KINGSTON – When WCVB’s nightly news magazine “Chronicle” scheduled a program on power options in Massachusetts, it turned to Kingston for its focus on the impact of wind turbines in communities.
The “Chronicle” program titled “Power Plays,” which aired last week, featured pieces on soaring electric bills, ways to cut costs through the use of solar power and air source heat pumps, lower oil prices and what’s wrong with wind power.
The segment called “Too Close for Comfort” focused on Kingston, with Leland Road resident Doreen Reilly in the opening commenting on flicker effect.
“You can’t read. You can’t watch TV. You can’t be out in the yard,” she said.
“It’s just too irritating, and it makes you feel sick,” she added.
The Independence wind turbine, installed in 2012, was described as an object of controversy due to its location.
“Chronicle” identified Town Planner Tom Bott, interviewed at the Kingston Town House and from the Kingston Collection parking lot with views of the Independence and Mary O’Donnell’s wind turbines, as a believer in wind power.
“Everything that you can do to produce power in a sustainable and a responsible fashion is a great idea – solar, wind, hydroelectric,” he said.
The Independence powers municipal buildings including the Town House, Bott said, and has generated about 9 million kilowatt hours of electricity for that purpose. He spoke of plans to add solar panels near the Independence.
Reilly, in describing the controversy over the location of the turbine, shared family photos from 22 years in her house and explained that its proximity has impacted their lives.
“Our quality of life is important, and I don’t think the town of Kingston took the residents into consideration that would be the most affected by the turbine,” she said. “I don’t think anybody did it maliciously. I don’t think people realized what they were actually voting on. Even the people in charge didn’t realize what they were doing. They weren’t educated.”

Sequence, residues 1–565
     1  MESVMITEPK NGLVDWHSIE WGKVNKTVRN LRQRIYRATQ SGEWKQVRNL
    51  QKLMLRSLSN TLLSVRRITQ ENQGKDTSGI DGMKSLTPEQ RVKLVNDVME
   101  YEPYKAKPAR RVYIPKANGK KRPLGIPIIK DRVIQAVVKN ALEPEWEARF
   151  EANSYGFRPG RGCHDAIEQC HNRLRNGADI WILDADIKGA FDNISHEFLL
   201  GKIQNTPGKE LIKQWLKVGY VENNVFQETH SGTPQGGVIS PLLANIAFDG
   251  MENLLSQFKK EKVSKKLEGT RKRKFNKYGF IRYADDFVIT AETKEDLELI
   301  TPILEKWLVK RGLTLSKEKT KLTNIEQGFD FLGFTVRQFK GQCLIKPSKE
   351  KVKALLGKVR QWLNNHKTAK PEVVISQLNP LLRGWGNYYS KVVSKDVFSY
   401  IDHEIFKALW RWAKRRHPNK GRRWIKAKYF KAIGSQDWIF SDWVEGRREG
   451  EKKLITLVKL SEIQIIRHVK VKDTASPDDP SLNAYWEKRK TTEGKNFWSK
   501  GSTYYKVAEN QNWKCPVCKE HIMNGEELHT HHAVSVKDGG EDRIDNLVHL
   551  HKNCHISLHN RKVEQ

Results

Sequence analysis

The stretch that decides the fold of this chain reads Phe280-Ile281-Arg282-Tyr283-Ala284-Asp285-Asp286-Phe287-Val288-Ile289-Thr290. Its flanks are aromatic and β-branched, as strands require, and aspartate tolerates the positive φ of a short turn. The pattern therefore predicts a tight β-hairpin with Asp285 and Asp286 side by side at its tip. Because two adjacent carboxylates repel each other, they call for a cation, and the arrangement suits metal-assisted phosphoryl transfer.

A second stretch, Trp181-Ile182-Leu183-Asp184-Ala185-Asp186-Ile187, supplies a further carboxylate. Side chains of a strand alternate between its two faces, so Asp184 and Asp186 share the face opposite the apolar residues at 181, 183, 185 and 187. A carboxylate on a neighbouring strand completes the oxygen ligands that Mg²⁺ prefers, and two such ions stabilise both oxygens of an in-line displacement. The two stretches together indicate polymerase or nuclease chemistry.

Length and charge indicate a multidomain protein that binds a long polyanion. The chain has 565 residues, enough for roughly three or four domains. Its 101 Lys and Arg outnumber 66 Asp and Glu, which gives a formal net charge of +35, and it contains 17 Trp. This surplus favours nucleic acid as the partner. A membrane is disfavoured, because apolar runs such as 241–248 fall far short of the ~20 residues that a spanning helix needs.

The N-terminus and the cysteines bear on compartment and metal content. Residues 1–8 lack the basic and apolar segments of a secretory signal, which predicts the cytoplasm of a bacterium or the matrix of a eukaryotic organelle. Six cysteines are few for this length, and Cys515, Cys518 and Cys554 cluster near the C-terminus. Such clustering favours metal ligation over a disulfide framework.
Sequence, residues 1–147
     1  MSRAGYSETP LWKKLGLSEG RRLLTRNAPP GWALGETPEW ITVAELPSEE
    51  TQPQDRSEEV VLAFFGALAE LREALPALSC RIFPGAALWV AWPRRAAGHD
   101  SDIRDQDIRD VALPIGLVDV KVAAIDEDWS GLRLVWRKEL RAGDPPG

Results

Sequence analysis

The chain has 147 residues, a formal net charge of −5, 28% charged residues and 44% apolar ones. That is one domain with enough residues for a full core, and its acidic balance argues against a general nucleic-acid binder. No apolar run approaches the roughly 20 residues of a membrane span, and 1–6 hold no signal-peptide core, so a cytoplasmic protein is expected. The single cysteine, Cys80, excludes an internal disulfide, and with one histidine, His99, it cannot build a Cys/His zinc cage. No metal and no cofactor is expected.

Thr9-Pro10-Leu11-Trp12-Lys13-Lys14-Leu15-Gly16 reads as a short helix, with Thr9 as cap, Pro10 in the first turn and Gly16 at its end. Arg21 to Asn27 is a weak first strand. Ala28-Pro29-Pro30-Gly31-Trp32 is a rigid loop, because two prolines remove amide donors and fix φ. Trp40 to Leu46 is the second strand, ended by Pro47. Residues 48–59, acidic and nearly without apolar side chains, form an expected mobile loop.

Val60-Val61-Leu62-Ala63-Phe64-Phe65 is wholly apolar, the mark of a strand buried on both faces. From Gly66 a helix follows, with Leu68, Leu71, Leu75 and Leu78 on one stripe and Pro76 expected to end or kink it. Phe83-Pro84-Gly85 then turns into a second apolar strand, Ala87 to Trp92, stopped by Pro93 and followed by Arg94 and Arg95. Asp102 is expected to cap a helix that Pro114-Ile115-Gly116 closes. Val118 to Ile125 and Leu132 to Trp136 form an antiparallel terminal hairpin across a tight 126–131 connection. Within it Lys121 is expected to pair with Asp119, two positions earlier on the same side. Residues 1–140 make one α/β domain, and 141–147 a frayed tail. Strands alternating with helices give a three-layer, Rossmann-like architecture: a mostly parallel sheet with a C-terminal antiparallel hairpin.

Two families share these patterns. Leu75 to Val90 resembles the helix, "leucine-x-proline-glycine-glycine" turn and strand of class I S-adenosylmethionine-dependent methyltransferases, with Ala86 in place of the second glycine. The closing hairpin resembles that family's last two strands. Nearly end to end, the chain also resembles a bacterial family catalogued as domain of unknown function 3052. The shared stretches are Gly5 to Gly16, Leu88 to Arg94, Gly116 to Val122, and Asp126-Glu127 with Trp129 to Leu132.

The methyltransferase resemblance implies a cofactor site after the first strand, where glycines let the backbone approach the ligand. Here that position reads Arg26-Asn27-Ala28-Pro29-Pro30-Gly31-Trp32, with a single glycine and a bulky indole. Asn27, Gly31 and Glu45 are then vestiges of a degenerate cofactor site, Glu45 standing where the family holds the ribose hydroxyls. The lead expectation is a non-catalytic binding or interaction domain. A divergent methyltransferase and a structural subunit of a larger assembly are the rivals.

She described the sound of the turbine as at times sounding like a boot in a dryer and other times making a wooshing sound.
Bott, who was interviewed Jan. 14 for the piece, referenced four sound studies, including three prior to the siting of the Independence. He said the fourth study, performed more recently, found that under certain conditions the turbine exceeds mandated state Department of Environmental Protection noise levels.
When the discussion turned to flicker, Bott said that no health hazards have been identified as resulting from flicker, although some view it an annoyance, and it can have an effect from a certain perspective on quality of life. For the vast majority of people, he said, the turbine is a success and people “are happy with it.”
Reilly shared boxes and boxes of research and testimony she and others have collected to bolster their case that large turbines should be sited farther away from residential areas. As for flicker, she said, the turbine should be shut down in spring and fall on days when flicker is at its worst.
“We’re not anti-wind,” she said. “We’re just looking for someone to help us. It’s just not right.”
Reilly has repeatedly written letters to the town, including one from Jan. 7 regarding the “continued invasive and excessive noise” from the turbine and says she’s being ignored.
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